But while the SNP appears to be banking everything on a Brexit catastrophe to deliver victory in a second independence referendum, in fact the main battleground remains economic. At the same time, Unionists clearly have work to do when it comes to prosecuting the utilitarian aspect of their case with more clarity and enthusiasm.

Through a relentless drizzle of misinformation and low-level conspiracy theories, for example, the Scottish Government has managed to render its own annual GERS figures as a matter of opinion rather than incontrovertible fact. That has to be challenged, for fiscal transfers (that undeniably benefit Scotland) are as real as the UK single market.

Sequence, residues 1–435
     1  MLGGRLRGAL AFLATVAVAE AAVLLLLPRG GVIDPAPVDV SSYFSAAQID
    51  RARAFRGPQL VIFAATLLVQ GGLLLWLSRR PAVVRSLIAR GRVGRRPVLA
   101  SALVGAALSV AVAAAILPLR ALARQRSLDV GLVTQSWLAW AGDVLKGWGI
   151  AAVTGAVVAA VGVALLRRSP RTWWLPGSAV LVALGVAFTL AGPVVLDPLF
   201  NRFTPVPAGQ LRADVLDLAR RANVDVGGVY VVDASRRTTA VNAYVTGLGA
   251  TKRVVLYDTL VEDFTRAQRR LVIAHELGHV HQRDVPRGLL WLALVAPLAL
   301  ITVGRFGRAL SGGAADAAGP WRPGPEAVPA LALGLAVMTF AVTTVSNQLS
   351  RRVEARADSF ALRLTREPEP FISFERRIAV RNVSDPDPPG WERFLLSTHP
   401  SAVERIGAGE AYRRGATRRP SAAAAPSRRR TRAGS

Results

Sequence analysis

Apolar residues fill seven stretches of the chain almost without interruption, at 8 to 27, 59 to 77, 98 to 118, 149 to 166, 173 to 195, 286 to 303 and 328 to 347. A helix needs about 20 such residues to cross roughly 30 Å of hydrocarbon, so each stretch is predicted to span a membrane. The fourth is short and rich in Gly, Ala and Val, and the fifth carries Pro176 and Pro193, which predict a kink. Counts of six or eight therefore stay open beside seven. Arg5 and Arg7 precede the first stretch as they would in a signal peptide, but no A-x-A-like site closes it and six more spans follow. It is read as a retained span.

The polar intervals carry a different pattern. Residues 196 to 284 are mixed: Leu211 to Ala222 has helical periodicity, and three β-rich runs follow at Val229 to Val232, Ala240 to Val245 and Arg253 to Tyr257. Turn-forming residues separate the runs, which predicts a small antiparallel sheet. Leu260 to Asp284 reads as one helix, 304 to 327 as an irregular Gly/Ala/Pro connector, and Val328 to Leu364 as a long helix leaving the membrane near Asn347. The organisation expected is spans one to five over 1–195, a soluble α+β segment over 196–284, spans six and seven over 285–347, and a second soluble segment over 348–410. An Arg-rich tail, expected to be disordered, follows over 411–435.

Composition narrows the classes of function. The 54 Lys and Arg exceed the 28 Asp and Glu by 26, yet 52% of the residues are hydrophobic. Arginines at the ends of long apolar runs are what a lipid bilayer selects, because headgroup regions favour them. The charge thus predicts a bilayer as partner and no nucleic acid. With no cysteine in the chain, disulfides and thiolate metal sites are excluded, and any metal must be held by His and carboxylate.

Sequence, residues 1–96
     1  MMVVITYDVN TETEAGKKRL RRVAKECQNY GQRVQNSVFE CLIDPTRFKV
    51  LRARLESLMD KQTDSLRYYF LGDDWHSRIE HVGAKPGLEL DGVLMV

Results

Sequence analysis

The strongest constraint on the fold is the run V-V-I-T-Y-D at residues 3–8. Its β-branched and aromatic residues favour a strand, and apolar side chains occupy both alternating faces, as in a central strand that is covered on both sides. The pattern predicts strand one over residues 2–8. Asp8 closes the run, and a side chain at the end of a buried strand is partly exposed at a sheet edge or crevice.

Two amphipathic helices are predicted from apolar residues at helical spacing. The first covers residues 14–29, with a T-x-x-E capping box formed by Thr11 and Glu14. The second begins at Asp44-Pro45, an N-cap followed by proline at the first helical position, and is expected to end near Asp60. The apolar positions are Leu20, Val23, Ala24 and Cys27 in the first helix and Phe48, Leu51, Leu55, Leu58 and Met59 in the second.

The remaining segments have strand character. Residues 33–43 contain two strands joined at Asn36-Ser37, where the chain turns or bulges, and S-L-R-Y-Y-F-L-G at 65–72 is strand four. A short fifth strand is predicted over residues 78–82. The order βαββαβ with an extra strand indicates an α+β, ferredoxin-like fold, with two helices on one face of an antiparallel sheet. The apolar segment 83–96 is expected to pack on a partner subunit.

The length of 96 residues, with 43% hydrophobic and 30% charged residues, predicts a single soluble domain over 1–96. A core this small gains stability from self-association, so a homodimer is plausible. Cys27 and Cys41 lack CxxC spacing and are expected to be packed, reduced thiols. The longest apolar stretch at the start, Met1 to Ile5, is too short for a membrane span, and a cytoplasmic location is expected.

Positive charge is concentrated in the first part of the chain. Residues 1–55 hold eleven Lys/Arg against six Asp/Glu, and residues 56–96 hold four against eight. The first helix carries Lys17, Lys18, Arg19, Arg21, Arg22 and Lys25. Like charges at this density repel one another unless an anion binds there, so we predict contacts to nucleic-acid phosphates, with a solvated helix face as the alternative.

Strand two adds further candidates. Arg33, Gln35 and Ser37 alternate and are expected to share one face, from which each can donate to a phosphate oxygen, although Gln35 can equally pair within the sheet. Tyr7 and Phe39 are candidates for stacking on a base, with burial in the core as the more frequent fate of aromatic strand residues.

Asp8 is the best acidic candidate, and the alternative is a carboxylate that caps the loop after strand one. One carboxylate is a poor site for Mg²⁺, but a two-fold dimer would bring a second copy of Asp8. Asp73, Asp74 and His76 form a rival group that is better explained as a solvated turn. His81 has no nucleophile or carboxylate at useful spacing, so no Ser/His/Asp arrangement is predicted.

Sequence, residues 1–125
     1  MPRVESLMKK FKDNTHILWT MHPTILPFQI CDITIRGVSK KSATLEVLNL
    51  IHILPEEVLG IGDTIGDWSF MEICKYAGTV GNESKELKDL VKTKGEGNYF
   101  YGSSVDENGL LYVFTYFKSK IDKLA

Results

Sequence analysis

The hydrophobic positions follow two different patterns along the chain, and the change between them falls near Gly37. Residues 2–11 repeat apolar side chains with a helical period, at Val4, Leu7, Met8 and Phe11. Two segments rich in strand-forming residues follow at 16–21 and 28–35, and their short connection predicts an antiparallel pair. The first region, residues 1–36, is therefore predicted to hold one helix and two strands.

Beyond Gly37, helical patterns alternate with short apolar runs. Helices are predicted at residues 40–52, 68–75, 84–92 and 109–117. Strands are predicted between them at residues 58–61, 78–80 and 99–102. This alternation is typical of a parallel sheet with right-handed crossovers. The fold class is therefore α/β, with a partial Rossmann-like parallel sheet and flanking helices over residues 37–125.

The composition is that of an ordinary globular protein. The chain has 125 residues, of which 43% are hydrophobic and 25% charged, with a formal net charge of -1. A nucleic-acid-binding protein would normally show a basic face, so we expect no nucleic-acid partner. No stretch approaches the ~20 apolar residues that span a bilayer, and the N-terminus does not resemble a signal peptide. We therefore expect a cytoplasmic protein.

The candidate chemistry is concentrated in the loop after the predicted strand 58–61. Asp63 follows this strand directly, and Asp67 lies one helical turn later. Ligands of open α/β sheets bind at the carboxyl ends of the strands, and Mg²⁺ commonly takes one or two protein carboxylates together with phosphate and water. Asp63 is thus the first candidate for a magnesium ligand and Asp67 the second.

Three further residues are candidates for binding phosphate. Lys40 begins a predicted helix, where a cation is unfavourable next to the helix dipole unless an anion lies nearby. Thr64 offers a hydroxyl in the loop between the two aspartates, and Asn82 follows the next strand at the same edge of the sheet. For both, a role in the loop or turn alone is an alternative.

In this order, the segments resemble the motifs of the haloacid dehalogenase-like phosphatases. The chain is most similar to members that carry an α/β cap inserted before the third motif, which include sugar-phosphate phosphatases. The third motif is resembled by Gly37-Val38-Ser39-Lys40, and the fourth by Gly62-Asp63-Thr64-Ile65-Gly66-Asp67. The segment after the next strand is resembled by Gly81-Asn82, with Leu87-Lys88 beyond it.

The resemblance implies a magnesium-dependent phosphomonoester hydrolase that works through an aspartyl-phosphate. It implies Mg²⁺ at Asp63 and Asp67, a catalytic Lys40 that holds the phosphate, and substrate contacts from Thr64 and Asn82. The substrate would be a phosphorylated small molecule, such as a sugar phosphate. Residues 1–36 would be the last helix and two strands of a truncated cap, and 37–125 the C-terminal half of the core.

These Islands is obviously aware of this, promising to “ensure that the provenance, reliability and limitations of data relevant to the future of the United Kingdom is clearly laid out”. Usefully, however, it takes care not to rest on its laurels, accepting a “pressing need for recalibration”, reviewing and, where necessary, renewing the constitutional status quo. “Nationalism, populism and division are not inevitable,” it concludes. “There can be a better future.”

As last year’s European referendum tragically demonstrates, if you don’t make the case for a multi-national Union, then you can’t expect voters to carry on supporting it. The same is true of the United Kingdom, Britain or “These Islands”, whatever you choose to call it, the nomenclature is less important than the argument.